Quick Pick: X-Tempo Designs Pok

Read the EM February 2009 review on the X-Tempo Pok Footswitch Controller for Audio Professionals
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The X-Tempo Pok is a wireless footswitch controller that allows hands-free operation of your DAW. The unit supports up to 22 commands in a single profile and can operate within a range of approximately 30 feet.

The X-Tempo Pok is a foot controller designed for controlling DAWs. Foot control for recording isn't a new idea — people have used footswitches to punch in and out while recording themselves for years. However, a product with the flexibility and great design of the Pok is something new and exciting.

What makes the Pok unique is that rather than communicating with your computer via MIDI, it emulates a computer keyboard and sends keystrokes. It's fully programmable, so you can control any function that can be accessed via shortcut keys. Even better, it's wireless, so you're free to use it in your vocal booth or just about anywhere else you choose.


The main unit is small, measuring only 12.2 by 7.1 by 2.7 inches, and has eight switches, three LEDs, and nothing else, not even a power switch. The Pok runs on three AA batteries, and because it operates like a computer keyboard, it draws no power unless a switch is being pressed. The Pok feels very well made, although I wouldn't recommend stomping on it like you would your guitar pedals. Communication with the computer is done via the USB module, which is about the size of a standard memory stick.

The Pok has been cleverly designed to pack a lot of functionality into a very small space. Each switch can send different commands for single and double presses, and switch 8 can be configured as a “function” switch, making a third set of commands available to the other seven switches. This makes a total of 22 commands available from a single profile.

Out of the box, the Pok is configured for Digidesign Pro Tools, but profiles for additional applications are included, and more are available for download on the X-Tempo Web site. To load one of these profiles or program your own from scratch, you'll have to use the included Pok Editor software (Mac/Win). When my Pok arrived, I was in the midst of preparing for a gig where I'd be using Ableton Live to record guitar loops on the fly, so I immediately set out to turn the Pok into a customized controller for Live.


Working with the editor was easy. The main screen displays a graphical representation of the unit, with each switch indicating the functions it's been programmed to perform. Double-clicking on a switch opens the Key Editor, which allows you to capture the keystrokes you want transmitted. Once you've programmed the switches, the profile is sent to the Pok by clicking on the Write button. My only gripe with the editor was that the Save function always prompts you to enter a name for the profile, so overwriting the current profile takes extra typing or mouse-clicks.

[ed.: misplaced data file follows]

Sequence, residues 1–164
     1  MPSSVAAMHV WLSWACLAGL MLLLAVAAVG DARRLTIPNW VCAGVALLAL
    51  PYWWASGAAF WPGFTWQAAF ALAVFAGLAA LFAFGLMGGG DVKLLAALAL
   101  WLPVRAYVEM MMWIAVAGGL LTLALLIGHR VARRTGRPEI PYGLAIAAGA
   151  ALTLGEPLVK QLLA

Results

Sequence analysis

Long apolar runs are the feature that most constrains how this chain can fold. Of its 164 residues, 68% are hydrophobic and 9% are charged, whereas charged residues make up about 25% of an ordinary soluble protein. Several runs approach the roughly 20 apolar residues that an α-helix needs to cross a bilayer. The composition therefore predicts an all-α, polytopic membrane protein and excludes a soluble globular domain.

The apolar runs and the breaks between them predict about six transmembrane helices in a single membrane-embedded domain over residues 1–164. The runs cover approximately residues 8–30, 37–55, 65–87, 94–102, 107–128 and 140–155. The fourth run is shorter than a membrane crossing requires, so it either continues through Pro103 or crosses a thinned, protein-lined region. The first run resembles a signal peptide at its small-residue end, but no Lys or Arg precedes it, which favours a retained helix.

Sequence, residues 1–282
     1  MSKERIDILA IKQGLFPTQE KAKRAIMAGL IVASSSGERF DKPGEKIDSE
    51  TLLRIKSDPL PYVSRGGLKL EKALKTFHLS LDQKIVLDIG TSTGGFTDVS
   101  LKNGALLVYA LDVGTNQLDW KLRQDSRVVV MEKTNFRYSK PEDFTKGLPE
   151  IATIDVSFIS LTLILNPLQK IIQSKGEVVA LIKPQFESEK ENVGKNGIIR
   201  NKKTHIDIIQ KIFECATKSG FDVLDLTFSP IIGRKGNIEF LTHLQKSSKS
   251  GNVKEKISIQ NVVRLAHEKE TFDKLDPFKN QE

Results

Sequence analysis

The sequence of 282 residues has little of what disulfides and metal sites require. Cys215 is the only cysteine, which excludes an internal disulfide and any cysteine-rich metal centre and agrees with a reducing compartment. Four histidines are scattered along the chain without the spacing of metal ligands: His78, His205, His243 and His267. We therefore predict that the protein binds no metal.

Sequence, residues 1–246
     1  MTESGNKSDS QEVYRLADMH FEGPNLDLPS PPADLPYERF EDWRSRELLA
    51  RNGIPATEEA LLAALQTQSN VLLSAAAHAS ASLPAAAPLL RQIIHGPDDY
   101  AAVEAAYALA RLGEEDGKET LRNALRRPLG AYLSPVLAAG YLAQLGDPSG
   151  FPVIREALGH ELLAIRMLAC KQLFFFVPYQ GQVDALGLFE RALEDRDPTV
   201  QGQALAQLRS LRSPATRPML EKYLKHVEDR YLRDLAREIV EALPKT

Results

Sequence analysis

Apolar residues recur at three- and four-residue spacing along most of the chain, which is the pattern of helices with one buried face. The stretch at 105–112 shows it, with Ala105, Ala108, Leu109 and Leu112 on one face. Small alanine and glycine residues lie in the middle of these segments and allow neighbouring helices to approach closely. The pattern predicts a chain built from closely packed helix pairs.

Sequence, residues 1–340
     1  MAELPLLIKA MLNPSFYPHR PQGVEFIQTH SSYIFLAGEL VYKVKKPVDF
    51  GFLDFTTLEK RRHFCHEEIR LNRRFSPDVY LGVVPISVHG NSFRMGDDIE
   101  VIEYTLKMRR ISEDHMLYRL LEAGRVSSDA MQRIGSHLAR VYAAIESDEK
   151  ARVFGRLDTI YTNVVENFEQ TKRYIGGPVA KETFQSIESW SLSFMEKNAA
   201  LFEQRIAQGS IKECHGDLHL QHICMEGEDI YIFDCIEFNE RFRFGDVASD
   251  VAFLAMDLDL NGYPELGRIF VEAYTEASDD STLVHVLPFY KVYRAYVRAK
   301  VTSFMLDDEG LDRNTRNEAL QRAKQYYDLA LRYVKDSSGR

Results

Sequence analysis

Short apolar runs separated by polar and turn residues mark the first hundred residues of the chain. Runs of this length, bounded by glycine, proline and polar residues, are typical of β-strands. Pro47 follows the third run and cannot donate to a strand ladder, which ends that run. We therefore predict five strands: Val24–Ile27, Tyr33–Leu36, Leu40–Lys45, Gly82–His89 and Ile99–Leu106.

On the gig, the Pok worked flawlessly. Because any key can be mapped to just about any function in Live, the Pok was a natural match for it. I used the bottom four switches to trigger loop recording in four different tracks, and configured the double press for each of my loop switches to send the Backspace key to delete the loop I was currently recording.

In the studio, the small footprint and wireless communication made the Pok very convenient to use. The manufacturer specifies that the unit has a range of 30 feet, and in practice I found the connectivity to be excellent. There wasn't a single place in my one-bedroom apartment where the Pok couldn't communicate with the computer.

X-Tempo also offers the Pok Switcher application as a free download. It lets you use a switch to transmit a new profile to the Pok and simultaneously switch to a different application on the computer. This can then be used to turn your Pok into a multiapplication controller or to configure up to four banks of controls for a single application.

The only thing that may scare potential users away from the Pok is its list price of $549, which to some people is going to sound like an awful lot for a footswitch. As always, however, the value of a thing is very much relative to your need for it. If you're regularly recording yourself and need your hands free to play your instrument, the Pok could quickly become an invaluable tool, especially given that you can configure it to control the functions that you use most frequently.

Value (1 through 5): 4
X-Tempo Designs